[UPDATE 8/24/21]: John Lydon has lost his court case against his former Sex Pistols bandmates to keep the group’s music out of Pistol, an upcoming biopic miniseries on FX. A British high court ruled against Lydon—formerly known as Johnny Rotten—and sided with Steve Jones and Paul Cook, citing a “majority rules” clause in the Sex Pistols’ band member agreement (BMA).
Announced back in April, Pistol profiles the rise of the British punk forefathers using Jones’ memoir Lonely Boy: Tales from a Sex Pistol as source material. Following the initial announcement from FX, Lydon slammed the series—headed by Trainspotting director Danny Boyle—calling it “the most disrespectful shit I’ve ever had to endure” and vowed to fight the production in court.
Jones and Cook issued a statement following High Court judge Sir Anthony Mann‘s ruling, saying,
“It brings clarity to our decision-making and upholds the band members’ agreement on collective decision-making. It has not been a pleasant experience, but we believe it was necessary to allow us to move forward and hopefully work together in the future with better relations.”
Lydon issued his own reaction to the ruling, stating that he was never made aware of the details of the BMA and has a “deep-felt and passionate aversion to becoming a ‘prisoner’ of a hostile majority,” stating in court that the agreement “smacks of some kind of slave labor.” Jones and Cook, their lawyers, and the judge all agreed that there was no possible way Lydon could not have been made aware of the majority rules clause.
“Mr. Lydon must have been fully advised about the BMA and its consequences,” Mann said in his ruling. “On his side he had an English lawyer, a US attorney and his manager … it is impossible to believe that he did not know what its effect was and I reject the suggestion made by him that he did not really know or appreciate its effect.”
In the end, Mann used Lydon’s own supposed reverence for the protection of the Sex Pistols legacy against him, observing that if he were so committed to preserving the sanctity of the band he surely would have paid diligent attention to the BMA.
“It is highly likely that, even if he did not read it himself, it will have been explained to him and he will have understood its effects,” Mann’s ruling continued. “The inherent likelihood of that is reinforced by his own evidence about his concerns to protect the Sex Pistols’ legacy…A man with those concerns, which I accept he had, would expect to be made to understand important documents that he was signing. He would not have been cavalier about that.”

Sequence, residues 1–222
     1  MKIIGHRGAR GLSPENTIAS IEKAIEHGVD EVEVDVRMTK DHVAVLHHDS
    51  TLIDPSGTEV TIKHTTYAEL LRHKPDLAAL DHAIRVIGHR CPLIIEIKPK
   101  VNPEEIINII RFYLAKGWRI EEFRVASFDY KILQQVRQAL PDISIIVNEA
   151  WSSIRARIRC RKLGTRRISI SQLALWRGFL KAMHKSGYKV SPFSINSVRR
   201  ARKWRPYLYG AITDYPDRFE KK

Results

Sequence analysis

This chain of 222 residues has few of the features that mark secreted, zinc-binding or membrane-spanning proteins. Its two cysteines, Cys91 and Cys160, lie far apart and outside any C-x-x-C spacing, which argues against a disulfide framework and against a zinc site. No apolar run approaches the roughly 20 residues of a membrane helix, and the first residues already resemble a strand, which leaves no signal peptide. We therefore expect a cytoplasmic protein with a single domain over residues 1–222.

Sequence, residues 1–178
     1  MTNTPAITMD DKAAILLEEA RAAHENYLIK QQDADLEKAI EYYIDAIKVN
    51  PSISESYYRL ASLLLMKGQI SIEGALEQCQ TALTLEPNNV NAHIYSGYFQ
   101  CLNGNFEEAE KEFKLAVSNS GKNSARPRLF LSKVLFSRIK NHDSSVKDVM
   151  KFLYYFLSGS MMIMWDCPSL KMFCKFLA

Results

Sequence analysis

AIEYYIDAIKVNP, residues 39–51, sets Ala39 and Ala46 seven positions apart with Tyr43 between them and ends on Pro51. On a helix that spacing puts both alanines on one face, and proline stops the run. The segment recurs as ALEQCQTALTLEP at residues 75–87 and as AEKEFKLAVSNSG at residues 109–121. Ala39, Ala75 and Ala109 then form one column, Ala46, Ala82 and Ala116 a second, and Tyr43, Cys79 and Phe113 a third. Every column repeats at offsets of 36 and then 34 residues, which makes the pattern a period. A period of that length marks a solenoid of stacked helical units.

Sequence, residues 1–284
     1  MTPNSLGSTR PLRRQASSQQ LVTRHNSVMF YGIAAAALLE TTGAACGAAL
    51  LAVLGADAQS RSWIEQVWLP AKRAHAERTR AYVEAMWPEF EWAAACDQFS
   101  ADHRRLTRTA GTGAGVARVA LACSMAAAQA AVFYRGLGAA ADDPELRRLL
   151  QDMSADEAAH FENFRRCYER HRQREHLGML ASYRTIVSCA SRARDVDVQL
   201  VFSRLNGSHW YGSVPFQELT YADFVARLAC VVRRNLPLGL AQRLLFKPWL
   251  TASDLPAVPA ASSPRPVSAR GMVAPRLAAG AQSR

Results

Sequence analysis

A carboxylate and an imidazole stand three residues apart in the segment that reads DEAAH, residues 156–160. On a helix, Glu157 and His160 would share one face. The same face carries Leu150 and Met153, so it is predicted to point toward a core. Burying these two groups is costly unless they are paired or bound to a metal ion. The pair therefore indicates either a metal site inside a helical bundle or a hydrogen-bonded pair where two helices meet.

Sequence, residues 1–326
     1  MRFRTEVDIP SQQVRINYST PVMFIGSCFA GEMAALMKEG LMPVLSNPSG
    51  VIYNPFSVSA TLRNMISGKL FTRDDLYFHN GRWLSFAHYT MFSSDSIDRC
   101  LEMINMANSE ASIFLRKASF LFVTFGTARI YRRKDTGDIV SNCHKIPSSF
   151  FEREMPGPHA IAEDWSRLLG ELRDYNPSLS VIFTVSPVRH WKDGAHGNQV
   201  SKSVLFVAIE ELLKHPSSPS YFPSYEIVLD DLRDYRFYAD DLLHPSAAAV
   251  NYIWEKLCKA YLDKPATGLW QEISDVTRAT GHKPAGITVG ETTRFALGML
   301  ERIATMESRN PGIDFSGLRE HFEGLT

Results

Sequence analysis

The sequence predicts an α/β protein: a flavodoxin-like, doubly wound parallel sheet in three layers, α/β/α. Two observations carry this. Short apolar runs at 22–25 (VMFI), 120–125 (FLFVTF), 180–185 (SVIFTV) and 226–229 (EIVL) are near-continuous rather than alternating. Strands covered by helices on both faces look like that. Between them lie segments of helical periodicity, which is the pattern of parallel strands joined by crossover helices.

Pistol is due out on FX next year.
[4/26/21]: Though the punk rock revolution is long behind him, John Lydon is still mad as hell. The 65-year-old English singer—formerly known as Johnny Rotten during his days with the Sex Pistols—is taking aim at the upcoming Pistol miniseries, which profiles the early days of the British punk lightning rods.
In a recent interview with The Sunday Times, Lydon went so far as to call his portrayal in the miniseries, “the most disrespectful shit I’ve ever had to endure. I mean, they went to the point to hire an actor to play me but what’s the actor working on? Certainly not my character. It can’t go anywhere else [but court].”
The program—currently in development for FX by Trainspotting director Danny Boyle—is based on Sex Pistols guitarist Steve Jones‘ 2016 memoir, Lonely Boy: Tales from a Sex Pistol. The six-part series is set to star Toby Wallace (The Society, Babyteeth) as Jones, with Anson Boon (1917) as Johnny Rotten, Louis Partridge (Enola Homes, Paddington 2) as Sid Vicious, Jacob Slater as Paul Cook, and Fabien Frankel as Glen Matlock. It reportedly began filming last month with no premiere date listed.
In his interview, Lydon pointed out that he and Boyle aren’t complete strangers. The two previously worked together on the opening ceremony for the 2012 London Olympics.
“Sorry, you think you can do this, like walk all over me – it isn’t going to happen. Not without a huge, enormous fucking fight,” Lydon said. “I’m Johnny, you know, and when you interfere with my business you’re going to get the bitter end of my business as a result. It’s a disgrace.”
A spokesperson for Pistol told The Sunday Times that Boyle contacted Lydon’s management company about the series but “ultimately direct contact was declined.”
Production photos from location shoots in London for Pistols recently appeared in The Daily Mail.